Any dispute could be brought for settlement through mediation before and during a pending litigation. It is recommended to turn to mediation as soon as the dispute arises in order to avoid deterioration of relations. Often the parties resort to mediation in the process of negotiating a contract.
One or both sides simultaneously have to turn to a mediator or a Mediation Center. Usually this can be done by applying for mediation.
Both parties must agree to participate in mediation so that the procedure could begin.
Selection of Mediator
The Mediation Center to which the parties have turned submits a list of mediators with their qualifications and experience entered.
Schedule a meeting on Mediation
The mediation meeting is scheduled for mutually convenient time and usually is held on a neutral territory, often in the hall of a Mediation Centre or at the Mediator's office.
When the parties are located in different cities or countries, an indisputable advantage for them is the use of on-line mediation.
Fees for Mediation
Fees for mediation are most often paid per hour. The initial payment is usually only for the first session, which duration depends on the time and the wishes of the parties. It is often up to 4 hours.
Joint sessions and caucuses in Mediation
As a rule, the first meeting is held with the participation of the mediator and the two parties. Consultants of the parties are possible to participate too. If necessary, the mediator could schedule further joint sessions or caucuses with the parties.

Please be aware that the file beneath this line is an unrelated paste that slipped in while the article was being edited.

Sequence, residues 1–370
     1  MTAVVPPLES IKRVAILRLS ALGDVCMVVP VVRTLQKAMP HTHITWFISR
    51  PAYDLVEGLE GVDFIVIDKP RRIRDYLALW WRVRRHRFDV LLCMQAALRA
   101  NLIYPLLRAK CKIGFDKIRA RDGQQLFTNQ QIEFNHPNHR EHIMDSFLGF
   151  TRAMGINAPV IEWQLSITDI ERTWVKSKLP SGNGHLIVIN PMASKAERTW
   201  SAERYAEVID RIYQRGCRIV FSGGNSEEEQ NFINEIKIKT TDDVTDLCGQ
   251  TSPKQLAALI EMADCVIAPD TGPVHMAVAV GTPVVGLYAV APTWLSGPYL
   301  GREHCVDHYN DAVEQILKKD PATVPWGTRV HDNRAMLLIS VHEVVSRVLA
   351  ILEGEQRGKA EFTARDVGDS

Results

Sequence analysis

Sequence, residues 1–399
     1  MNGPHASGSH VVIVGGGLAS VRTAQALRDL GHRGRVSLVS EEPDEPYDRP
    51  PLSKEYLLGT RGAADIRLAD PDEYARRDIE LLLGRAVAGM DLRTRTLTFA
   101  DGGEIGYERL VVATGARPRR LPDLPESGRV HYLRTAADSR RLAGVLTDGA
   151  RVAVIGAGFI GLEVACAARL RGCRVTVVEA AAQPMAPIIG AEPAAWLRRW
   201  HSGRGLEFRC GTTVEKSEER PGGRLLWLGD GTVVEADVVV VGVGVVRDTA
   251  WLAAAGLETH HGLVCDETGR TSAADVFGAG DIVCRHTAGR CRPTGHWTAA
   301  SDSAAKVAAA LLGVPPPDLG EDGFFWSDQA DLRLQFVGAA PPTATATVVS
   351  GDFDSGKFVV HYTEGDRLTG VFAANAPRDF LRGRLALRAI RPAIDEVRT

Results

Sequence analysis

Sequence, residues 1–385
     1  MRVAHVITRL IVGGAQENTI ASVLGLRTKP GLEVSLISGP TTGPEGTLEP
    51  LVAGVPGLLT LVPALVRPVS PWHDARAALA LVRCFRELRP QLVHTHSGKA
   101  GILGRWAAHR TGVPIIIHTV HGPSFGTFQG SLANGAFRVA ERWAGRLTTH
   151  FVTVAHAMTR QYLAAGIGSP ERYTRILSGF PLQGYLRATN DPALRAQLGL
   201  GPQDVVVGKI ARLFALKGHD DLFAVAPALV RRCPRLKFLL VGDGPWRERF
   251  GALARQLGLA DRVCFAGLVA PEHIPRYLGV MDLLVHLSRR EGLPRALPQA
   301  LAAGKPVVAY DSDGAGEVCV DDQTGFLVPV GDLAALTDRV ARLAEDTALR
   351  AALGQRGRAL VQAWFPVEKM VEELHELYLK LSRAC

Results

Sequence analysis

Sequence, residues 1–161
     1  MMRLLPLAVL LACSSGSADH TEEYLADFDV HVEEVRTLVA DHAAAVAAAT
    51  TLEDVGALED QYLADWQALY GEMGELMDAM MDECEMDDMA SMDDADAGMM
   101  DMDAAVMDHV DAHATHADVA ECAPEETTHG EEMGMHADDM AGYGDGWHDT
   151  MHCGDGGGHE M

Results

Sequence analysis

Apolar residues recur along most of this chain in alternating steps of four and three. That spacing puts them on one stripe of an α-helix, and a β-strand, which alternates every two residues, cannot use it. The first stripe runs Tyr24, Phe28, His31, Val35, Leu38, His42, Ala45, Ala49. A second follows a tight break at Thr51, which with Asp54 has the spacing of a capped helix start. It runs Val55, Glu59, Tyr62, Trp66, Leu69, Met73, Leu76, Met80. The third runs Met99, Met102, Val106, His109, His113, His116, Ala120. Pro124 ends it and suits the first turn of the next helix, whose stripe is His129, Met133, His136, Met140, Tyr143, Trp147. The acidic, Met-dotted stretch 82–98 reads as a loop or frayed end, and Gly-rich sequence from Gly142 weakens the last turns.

If parties agree on some or all issues raised about for solving in the mediation process, the very process ends with a final settlement which may be oral, written or written with a notarization. In pending litigation the settlement shall be submitted to court/arbitration for approval as a court/arbitration agreement.
The procedure begins with an opening - the mediator describes the procedure to the parties, its principles and rules.
After the introduction, the Mediator will allow each party to describe its point of view. In this initial session the Mediator gathers as many facts as possible and clarifies as many inconsistencies between them as possible and eventually some overlaps.
When the general discussion between the parties and the mediator reaches the point where no progress is made, the mediator meets separately with each party. During these separate meetings the mediator clarifies the version of each party, searches for facts, priorities, unchangeable positions, hidden interests, and explores possible solutions. The separate meeting is held only with the consent of the parties and the discretion of the mediator. It is completely confidential – what one of the parties shares at this meeting cannot be shared with the other party without permission.
Effective mediators help parties to realistically assess the consequences of possible resolution or continuation of the dispute.
What does the mediator do?
- The mediator has a neutral function. He does not take sides.